While Australian households have one of the highest rates of pet ownership in the world, this doesn’t carry through to our aged care services, according to a study by the Animal Welfare League of Australia (AWLA).
The 2018 Animal Welfare League Australia Pets in Aged Care Study revealed that while 64 per cent of Australian households are pet owners, only 18 per cent of residential aged care facilities allow pets to reside with their owners.
Those ageing in their own home can’t always access the support to keep their pets either, with only nine per cent of in-home services saying that they offer pet-friendly services.
The result is that many seniors are forced to give away or surrender their beloved family pets when they make the move to aged care.
According to AWLA figures, more than 6.75 per cent of surrenders are directly related to the necessity of aged care, but this figure is believed to be higher when taking in other issues facing senior pet owners such as unsuitable pet accommodation and lack of financial means to take care of a pet.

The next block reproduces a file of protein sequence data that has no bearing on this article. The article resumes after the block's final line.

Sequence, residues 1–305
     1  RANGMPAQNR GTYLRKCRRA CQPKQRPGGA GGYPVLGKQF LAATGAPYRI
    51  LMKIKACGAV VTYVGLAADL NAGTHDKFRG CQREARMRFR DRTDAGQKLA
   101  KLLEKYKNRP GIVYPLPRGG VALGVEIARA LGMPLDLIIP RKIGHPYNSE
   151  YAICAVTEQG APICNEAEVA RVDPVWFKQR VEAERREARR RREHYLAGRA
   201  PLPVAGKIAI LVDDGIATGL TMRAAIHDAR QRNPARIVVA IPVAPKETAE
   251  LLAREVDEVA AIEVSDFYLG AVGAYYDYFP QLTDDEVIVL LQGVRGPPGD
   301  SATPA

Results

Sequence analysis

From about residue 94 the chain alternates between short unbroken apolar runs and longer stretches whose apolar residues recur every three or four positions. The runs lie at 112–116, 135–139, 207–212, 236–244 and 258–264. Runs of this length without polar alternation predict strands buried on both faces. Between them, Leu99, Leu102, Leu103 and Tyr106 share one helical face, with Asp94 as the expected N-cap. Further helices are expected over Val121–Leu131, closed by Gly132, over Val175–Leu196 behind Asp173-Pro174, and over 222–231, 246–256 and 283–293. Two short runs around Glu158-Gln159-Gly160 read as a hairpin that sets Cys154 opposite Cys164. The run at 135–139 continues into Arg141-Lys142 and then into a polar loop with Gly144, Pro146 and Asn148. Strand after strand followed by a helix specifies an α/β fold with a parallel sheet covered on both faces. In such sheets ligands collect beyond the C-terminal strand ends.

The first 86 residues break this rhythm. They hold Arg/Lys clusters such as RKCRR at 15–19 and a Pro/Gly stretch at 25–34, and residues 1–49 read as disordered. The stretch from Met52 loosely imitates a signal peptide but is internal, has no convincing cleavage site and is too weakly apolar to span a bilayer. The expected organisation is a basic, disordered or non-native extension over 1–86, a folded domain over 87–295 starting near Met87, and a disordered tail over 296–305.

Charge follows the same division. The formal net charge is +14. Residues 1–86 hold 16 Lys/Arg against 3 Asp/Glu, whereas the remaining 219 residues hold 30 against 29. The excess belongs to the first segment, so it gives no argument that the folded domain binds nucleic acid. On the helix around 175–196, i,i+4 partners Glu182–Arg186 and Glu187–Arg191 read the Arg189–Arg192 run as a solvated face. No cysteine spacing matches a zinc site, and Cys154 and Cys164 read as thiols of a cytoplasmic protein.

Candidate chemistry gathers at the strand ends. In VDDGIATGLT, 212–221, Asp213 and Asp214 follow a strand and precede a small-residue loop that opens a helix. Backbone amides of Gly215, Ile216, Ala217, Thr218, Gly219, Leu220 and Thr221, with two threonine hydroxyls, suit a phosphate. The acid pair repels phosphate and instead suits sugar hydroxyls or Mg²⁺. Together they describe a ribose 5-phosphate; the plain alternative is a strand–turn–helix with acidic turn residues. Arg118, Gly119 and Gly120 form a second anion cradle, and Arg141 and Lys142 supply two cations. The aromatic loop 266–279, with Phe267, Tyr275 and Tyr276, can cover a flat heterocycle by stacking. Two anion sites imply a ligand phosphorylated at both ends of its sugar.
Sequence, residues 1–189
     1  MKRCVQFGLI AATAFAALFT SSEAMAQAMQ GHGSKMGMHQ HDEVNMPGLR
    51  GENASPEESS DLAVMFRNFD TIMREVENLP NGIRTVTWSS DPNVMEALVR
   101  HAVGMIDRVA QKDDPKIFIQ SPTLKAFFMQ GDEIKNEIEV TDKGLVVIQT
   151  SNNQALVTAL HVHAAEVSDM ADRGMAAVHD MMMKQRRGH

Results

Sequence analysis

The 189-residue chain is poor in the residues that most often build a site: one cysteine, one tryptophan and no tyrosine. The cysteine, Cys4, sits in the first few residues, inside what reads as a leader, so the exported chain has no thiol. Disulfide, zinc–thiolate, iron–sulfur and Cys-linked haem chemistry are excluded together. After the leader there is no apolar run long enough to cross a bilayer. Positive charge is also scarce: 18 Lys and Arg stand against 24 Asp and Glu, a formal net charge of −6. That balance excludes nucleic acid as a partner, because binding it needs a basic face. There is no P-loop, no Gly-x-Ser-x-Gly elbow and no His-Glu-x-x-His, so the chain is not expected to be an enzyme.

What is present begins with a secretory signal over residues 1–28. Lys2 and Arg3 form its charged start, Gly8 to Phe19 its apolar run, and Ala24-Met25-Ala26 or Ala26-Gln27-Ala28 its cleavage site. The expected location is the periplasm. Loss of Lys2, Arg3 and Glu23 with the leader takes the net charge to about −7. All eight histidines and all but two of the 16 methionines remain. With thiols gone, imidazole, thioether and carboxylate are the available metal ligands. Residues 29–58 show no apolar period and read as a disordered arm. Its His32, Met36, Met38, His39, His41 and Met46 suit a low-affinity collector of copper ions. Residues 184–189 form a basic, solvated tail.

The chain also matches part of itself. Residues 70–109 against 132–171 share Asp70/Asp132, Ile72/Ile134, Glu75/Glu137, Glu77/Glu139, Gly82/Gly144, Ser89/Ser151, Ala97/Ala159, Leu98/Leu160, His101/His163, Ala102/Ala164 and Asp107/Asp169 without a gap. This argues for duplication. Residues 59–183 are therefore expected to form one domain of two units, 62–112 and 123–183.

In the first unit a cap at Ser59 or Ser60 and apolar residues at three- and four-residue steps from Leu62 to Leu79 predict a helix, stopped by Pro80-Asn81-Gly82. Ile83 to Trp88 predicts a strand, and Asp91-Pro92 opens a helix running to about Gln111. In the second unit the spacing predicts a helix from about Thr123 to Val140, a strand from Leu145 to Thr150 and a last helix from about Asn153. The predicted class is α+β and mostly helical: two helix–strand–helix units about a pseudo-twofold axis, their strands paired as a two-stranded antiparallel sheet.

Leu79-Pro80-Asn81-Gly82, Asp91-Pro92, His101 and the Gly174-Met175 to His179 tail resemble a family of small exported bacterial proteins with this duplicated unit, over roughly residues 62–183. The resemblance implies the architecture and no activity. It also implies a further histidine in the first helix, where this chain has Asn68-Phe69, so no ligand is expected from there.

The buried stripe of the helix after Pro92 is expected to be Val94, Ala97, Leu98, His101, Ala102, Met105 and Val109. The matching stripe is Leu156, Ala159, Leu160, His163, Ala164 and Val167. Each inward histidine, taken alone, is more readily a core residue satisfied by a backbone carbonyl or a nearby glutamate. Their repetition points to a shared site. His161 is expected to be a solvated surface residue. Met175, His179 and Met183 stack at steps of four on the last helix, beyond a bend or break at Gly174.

It is estimated that more than 4000 cats and dogs are surrendered to rehoming and impounding organisations every year due to elderly-related reasons.
Aged services that support and encourage pet ownership may be in the minority, however, the wide-ranging health benefits of pets for seniors is well documented. Pet ownership helps to decrease feelings of loneliness and isolation, while increasing social interaction, providing purpose and meaning and improving the quality of life of their owners.
Some further benefits of pet-friendly aged care services include:
• Eases the transition to aged care
• Reduces feelings of loneliness
• Health benefits include reduced stress and anxiety, lower blood pressure and increased aerobic activity
• Greater uptake of aged care services due to not having to surrender their much-loved pet
• Reduces animal surrender rates to shelters
• Helps increase feelings of independence
• Boosts morale and happiness for both staff and residents